Looking to 2016: She’s also planned to expand her plant selection. “We are starting to grow hardy (up to zone 6) fruits that require grafting. We also have begun our pomegranate breeding program where we are crossing some of the more popular commercial varieties to door yard varieties (unknown local varieties that are very cold hardy but do not have good fruit),” Justice says.
Position: Production Manager, Timbuk Farms
Reflecting on 2015: Opiyo says finding the right people, and placing them in the right place to achieve their greatest potential was one of the biggest challenges she had in 2015. It was also her most successful season, even better than 2014.
Lessons learned in 2015: “Be able to delegate, and don’t be afraid to ask for help,” Opiyo says.
Looking to 2016: “I’m sure we are up for an exciting season, I did regain lots of my energy during the summer!” Opiyo says.
Position: Head Grower, Peace Tree Farm
Reflecting on 2015: “This year has been one of tremendous growth and learning for me and everyone at Peace Tree. I gained new technical skills, experience and knowledge, including how to fix and troubleshoot equipment and infrastructure, many specific insect ecology interactions, cultural practices of new and unique crops, and much more. However, this year’s most enduring lesson was about company culture,” Traven says.
Lessons learned in 2015: “We had a lot of personnel changes at Peace Tree, which was a great challenge but offered us the unique opportunity to recreate and redefine our company culture,” he says. “These days, our team is functioning efficiently and effectively, communicating clearly, and most importantly, we have a greater sense of purpose and comradery toward achieving our mutual goals.”
Looking to 2016: 2016 promises to be a new chapter for Peace Tree, Traven says. “I’m excited for the team to continue to take on more responsibility, and to continue to produce and perfect truly exceptional plants. We are enthusiastically moving into production of greens, cut herbs, and other high-quality food, and we are happy to be expanding our offerings of edible plants to include new unique culinary experiences.”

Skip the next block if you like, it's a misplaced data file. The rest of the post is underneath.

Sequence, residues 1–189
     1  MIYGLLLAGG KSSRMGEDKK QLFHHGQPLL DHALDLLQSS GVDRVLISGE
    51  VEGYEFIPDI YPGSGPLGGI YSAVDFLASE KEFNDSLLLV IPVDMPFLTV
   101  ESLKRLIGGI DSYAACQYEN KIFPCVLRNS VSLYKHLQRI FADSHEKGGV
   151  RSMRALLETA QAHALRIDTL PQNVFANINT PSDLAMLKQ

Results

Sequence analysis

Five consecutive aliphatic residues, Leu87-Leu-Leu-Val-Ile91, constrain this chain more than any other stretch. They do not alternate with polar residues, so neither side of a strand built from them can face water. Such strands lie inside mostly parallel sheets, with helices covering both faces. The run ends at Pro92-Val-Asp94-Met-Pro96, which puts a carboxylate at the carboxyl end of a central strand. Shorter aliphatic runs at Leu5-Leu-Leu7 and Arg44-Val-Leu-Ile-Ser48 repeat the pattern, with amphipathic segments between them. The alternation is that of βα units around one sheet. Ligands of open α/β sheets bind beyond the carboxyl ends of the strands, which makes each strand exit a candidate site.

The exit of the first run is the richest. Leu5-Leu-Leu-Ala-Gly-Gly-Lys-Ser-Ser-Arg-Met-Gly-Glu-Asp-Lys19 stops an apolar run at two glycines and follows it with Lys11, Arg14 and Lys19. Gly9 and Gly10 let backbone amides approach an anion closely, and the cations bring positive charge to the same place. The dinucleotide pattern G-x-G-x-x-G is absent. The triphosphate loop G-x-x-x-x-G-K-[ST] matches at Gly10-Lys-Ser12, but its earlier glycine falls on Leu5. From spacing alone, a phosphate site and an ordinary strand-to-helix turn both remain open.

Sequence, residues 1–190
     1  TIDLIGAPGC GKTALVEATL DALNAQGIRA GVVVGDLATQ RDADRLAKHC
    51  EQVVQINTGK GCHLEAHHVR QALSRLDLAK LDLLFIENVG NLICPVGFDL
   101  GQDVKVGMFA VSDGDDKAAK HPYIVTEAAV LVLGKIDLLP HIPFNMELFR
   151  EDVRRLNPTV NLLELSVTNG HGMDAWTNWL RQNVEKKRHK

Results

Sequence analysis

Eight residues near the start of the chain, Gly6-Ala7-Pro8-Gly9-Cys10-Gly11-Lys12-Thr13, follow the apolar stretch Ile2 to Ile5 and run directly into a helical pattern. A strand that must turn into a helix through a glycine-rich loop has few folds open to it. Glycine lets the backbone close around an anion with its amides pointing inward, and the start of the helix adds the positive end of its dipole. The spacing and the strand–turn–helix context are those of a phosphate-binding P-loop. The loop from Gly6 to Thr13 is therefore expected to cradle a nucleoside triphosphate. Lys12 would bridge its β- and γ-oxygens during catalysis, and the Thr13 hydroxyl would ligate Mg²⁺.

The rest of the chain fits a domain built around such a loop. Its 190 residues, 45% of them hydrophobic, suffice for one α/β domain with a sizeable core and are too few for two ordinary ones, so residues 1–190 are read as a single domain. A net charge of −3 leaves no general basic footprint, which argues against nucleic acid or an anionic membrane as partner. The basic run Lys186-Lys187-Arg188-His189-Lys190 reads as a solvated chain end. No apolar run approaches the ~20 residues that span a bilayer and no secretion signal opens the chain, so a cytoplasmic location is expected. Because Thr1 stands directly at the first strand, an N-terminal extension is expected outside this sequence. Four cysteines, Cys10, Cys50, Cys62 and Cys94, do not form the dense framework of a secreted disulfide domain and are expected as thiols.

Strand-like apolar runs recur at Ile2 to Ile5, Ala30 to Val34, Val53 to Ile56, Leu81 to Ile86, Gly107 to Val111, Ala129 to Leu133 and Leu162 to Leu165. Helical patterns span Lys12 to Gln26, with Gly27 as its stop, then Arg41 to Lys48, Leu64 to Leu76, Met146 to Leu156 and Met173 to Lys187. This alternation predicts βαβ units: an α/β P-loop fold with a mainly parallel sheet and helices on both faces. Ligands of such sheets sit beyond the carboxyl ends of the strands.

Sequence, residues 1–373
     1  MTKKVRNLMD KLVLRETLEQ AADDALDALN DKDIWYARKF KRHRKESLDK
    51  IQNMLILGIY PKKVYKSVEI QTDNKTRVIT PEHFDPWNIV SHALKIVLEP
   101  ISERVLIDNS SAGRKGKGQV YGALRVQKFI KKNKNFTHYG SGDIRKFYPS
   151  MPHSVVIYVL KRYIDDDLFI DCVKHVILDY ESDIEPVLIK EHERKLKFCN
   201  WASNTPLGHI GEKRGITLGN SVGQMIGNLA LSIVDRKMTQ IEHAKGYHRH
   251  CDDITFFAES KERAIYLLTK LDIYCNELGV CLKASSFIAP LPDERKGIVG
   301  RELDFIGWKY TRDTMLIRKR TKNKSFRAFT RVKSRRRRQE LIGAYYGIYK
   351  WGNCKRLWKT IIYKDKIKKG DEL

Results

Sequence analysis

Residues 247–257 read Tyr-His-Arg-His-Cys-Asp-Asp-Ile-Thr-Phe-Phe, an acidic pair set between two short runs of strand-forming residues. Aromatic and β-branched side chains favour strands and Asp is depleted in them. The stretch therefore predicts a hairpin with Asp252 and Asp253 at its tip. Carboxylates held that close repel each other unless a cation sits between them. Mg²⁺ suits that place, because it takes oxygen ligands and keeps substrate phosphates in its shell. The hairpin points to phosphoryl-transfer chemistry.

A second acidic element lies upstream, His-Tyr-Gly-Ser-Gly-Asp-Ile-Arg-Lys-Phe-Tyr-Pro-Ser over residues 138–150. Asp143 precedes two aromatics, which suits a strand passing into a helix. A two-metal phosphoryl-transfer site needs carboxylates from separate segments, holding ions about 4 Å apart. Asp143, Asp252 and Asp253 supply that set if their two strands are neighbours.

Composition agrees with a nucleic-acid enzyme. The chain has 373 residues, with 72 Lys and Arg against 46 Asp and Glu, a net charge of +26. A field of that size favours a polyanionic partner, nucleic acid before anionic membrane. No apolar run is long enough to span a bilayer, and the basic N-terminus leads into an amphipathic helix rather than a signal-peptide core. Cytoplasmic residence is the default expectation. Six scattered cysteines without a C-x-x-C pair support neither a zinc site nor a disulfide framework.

Position: Director of Agriculture, BrightFarms
Reflecting on 2015: Tucker says the company successfully proved its model at its Yardley, Penn. and began production at its Elkwood, Va. facility. Tucker has also been training two new growers, both of whom are operating their own facility.
Lessons learned in 2015: Tucker says he’s learned the most about tomato production and team building.
Looking to 2016: “We will be ramping up and stabilizing production at our Capitol greenhouse, commencing production, ramping up and stabilizing production at our Chicagoland greenhouse, starting in the spring,” he says. “I look forward to the challenge of working with multiple growers in different climates and different types of facilities while producing a consistent high-quality produce for our clients.”
Position: Trials Manager, Walters Gardens
Reflecting on 2015: “We have high expectations for next year, orders are rolling in like crazy. We’ve been busy with a lot of new genetics,” he says. Windemuller’s own nursery (exclusive from Walters) also had a great year. “We’re looking at expanding the landscape side of business this year. We’re also growing more perennials and looking at adding more shade houses.”
Lessons learned in 2015: Windemuller says that with each passing year, he’s able to more clearly plan Walters’ business strategy and tactics. “Investing in your business and growing is always a wise thing. I don’t want to do it on a crazy scale. We just want to be wise about the expansions and see what sets ourselves apart from the competition,” he says.
Looking to 2016: “I see a really good season in 2016. I see there’s still demand for nursery and greenhouse products, particularly the perennial industry,” Windemuller says. “I think that we’ll get higher-quality genetics and offer higher-performing plants. I like the plants with great garden performance. The easier we can make it grow our plants, the more they’ll buy.